- Associated Press - Tuesday, September 23, 2014

INDIANA, Pa. (AP) - Hundreds of readers expect to find some kind of treasure each year at the St. Thomas More University Parish used book sale. Any book, itself, is a treasure - in the eyes of the right reader.

Looking for that kind of treasure for her Uncle Tom, Brenda Sekerak stumbled upon a bit of a bonus in the early hours of the sale Friday.

Her catch was a 95-year-old book documenting the U.S. Army Fifth Division’s service in Europe in World War I, a well cared-for hardcover volume without a hint of dust or yellowing.

But the distant feel of the published pages became a piece of firsthand local history with what Sekerak found tucked away between the pages - an Indiana County soldier’s military discharge paper and the U.S. Army’s Victory Medal, awarded to him for his service overseas in what then was called “The Great War For Civilization.”

Doughboy Valentine Windeleski seems to have sprung to new life for Sekerak, and she is determined to find Windeleski’s descendants who may inadvertently have donated these intimate links to his personal life to the church fundraiser.

“I would just like to try to find the family,” Sekerak said. “I think someone has gotten rid of this and not realized what was in it.”

Sekerak, of Shearer Avenue, White Township, launched an informal search by posting photos of the relics on Facebook, but so far, she has no leads.

The military paper shows Windeleski, a 26-year-old Polish immigrant, enlisted in the Army at Blairsville on Oct. 10, 1917. Sekerak found it between pages 180 and 181, where the book has a fold-out map of France, showing the battle lines for the Fifth Division’s engagement in the Meuse-Argonne Offensive from Oct. 12 to Nov. 4, 1918. According to the enlistment and service record, that’s where Windeleski saw action.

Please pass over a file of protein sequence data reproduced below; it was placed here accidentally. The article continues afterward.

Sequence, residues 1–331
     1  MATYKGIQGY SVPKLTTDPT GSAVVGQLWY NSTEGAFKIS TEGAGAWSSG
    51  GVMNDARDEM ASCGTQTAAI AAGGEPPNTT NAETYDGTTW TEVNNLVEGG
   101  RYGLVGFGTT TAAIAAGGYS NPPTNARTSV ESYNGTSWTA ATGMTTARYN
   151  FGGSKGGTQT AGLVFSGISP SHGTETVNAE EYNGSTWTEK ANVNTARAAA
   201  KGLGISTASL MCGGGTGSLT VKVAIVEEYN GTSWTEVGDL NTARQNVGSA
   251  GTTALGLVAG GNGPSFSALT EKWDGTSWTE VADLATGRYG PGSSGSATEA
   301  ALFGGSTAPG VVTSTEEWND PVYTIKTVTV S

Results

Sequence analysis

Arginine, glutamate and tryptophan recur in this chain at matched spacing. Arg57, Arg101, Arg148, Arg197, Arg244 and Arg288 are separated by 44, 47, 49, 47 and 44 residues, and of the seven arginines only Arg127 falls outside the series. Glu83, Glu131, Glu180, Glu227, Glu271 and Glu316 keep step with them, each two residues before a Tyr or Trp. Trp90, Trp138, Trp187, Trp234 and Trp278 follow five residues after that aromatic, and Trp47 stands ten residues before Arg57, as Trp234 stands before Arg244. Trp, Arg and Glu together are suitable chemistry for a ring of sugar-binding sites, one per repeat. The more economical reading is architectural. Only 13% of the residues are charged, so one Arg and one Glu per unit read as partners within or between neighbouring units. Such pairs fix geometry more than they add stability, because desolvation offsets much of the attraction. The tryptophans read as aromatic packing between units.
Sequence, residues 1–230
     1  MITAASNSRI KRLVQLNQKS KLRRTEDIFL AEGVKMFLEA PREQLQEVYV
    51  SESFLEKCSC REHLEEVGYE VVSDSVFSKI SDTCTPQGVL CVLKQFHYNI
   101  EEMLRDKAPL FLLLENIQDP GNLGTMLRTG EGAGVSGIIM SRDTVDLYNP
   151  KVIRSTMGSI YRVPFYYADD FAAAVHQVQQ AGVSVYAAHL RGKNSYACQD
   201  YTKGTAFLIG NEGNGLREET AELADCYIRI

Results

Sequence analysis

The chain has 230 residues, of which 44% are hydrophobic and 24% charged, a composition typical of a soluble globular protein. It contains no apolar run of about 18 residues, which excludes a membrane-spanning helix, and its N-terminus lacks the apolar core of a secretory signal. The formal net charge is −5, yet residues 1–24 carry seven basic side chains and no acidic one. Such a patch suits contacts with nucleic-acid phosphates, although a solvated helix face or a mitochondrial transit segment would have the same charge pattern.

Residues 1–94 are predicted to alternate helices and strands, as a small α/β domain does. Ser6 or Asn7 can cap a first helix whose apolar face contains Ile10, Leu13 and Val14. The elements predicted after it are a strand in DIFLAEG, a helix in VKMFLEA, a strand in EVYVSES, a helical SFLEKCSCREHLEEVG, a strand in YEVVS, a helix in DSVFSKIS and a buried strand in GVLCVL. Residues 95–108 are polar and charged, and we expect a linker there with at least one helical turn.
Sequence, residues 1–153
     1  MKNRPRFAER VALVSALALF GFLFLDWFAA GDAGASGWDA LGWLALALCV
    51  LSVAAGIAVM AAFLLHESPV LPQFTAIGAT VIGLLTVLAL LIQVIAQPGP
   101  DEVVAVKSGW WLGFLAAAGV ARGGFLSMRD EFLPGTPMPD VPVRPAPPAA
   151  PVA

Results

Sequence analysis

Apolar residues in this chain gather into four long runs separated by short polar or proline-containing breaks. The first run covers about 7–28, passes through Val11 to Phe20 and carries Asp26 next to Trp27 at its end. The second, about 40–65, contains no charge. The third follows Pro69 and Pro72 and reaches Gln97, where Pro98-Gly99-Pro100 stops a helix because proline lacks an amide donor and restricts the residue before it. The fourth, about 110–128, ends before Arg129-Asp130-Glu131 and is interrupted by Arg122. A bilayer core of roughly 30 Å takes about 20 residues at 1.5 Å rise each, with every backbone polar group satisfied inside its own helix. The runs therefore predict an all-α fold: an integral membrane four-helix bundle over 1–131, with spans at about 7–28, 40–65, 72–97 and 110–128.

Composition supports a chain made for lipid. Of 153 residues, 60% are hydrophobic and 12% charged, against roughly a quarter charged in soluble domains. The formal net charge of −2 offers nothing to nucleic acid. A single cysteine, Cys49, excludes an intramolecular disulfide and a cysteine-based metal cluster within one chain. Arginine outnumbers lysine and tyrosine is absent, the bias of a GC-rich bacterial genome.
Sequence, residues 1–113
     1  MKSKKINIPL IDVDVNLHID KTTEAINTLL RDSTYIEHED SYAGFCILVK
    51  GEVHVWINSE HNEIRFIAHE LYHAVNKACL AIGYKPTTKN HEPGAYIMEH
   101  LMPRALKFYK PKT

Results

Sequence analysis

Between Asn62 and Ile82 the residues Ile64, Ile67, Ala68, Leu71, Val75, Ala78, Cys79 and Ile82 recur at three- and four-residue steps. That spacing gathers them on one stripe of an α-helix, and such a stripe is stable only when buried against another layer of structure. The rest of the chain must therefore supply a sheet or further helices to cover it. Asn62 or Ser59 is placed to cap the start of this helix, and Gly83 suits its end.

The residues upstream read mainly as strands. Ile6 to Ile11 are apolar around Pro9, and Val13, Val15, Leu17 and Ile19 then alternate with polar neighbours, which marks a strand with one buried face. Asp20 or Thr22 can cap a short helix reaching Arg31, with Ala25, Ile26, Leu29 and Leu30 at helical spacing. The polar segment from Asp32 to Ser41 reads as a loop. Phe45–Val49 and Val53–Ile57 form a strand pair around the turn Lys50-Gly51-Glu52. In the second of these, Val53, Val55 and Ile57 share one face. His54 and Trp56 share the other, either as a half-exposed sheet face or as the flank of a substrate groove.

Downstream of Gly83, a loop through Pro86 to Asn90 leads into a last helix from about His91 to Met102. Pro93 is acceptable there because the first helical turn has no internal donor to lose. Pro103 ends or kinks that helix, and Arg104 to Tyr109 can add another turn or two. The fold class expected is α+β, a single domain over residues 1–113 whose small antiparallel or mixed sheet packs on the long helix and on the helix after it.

Windeleski, who stood 5 feet, 5 inches tall when he entered the service, never was wounded in the war.

He was honorably discharged July 26, 1919, at Camp Dix, N.J., and was given travel money to return to Creekside.

Sekerak said she never visited the St. Thomas More book sale before this past weekend.

She was prompted to visit with her mother-in-law, whose brother - Uncle Tom - had moved into a personal care home and donated his huge personal book collection to the church.

“He was a big history buff, and we donated four loads of books up there,” she said. “But there were a couple of books he wanted back, and we decided we would go to the Newman Center and try to find some of his books.”

Failing that, Sekerak said, they looked for something they thought would interest him.

“I just saw this leatherbound book and I just could tell it was old,” Sekerak said. Flipping through the pages, “I just saw this stuff in it. I saw an envelope and I thought it had a coin in it, so I thought, ‘I’ve got to close this up, somebody’s going to see it and try to get it from me.’”

The envelope held the bronze medal that she identified from online sources as the Victory Medal, an honor that never was authorized by Congress but was sanctioned and awarded by the U.S. Army and U.S. Navy.

“And that’s what Uncle Tom is into,” she said.

Other yellowing papers hidden away with the military record reveal more of Windeleski’s life.

He returned to the north-central Indiana County coal mines and paid his union dues to UMWA Local 1515 in Dixonville. A payment record booklet shows he paid $1 a month from 1952 through 1955.

Windeleski saw fit to save a couple of Detroit Free Press newspaper clippings about V-E Day, the end of World War II, dated in May 1945.

There’s a receipt for $13.16 worth of roof building supplies he purchased in October 1960 from Oakes Lumber Co. in the Clymer area.

Sekerak has searched online for other clues to Windeleski’s life, using the ancestry.com and rootsweb.com sites, but those efforts haven’t panned out.

There’s one final document connected to a local company, still in business, that might provide a link to Windeleski’s kin.

A statement from Bence Funeral Home in Clymer shows his family was billed $1,124 - minus a $75 veteran’s benefit - for his final expenses. Bence spelled his name “Wendeleskie” and charged his funeral to Olga Mackey. His death date isn’t listed, but one of the partial payments is dated Nov. 16, 1967.

“I would like to find the family that this goes to,” Sekerak said. “This should be cherished.”





Information from: The Indiana Gazette, https://www.indianagazette.com

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